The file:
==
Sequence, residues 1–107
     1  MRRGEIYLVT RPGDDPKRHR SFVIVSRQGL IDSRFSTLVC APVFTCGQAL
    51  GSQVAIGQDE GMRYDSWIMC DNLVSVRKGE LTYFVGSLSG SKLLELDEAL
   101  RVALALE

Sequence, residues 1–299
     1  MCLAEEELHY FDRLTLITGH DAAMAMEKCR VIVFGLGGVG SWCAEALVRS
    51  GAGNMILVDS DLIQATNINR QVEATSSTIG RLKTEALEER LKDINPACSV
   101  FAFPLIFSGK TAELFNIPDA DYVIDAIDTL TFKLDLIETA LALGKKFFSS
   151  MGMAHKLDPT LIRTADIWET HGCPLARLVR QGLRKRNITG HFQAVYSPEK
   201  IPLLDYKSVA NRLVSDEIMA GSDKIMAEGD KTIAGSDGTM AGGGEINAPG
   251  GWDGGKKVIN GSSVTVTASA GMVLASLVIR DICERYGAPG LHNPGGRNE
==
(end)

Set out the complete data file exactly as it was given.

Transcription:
Sequence, residues 1–107
     1  MRRGEIYLVT RPGDDPKRHR SFVIVSRQGL IDSRFSTLVC APVFTCGQAL
    51  GSQVAIGQDE GMRYDSWIMC DNLVSVRKGE LTYFVGSLSG SKLLELDEAL
   101  RVALALE

Sequence, residues 1–299
     1  MCLAEEELHY FDRLTLITGH DAAMAMEKCR VIVFGLGGVG SWCAEALVRS
    51  GAGNMILVDS DLIQATNINR QVEATSSTIG RLKTEALEER LKDINPACSV
   101  FAFPLIFSGK TAELFNIPDA DYVIDAIDTL TFKLDLIETA LALGKKFFSS
   151  MGMAHKLDPT LIRTADIWET HGCPLARLVR QGLRKRNITG HFQAVYSPEK
   201  IPLLDYKSVA NRLVSDEIMA GSDKIMAEGD KTIAGSDGTM AGGGEINAPG
   251  GWDGGKKVIN GSSVTVTASA GMVLASLVIR DICERYGAPG LHNPGGRNE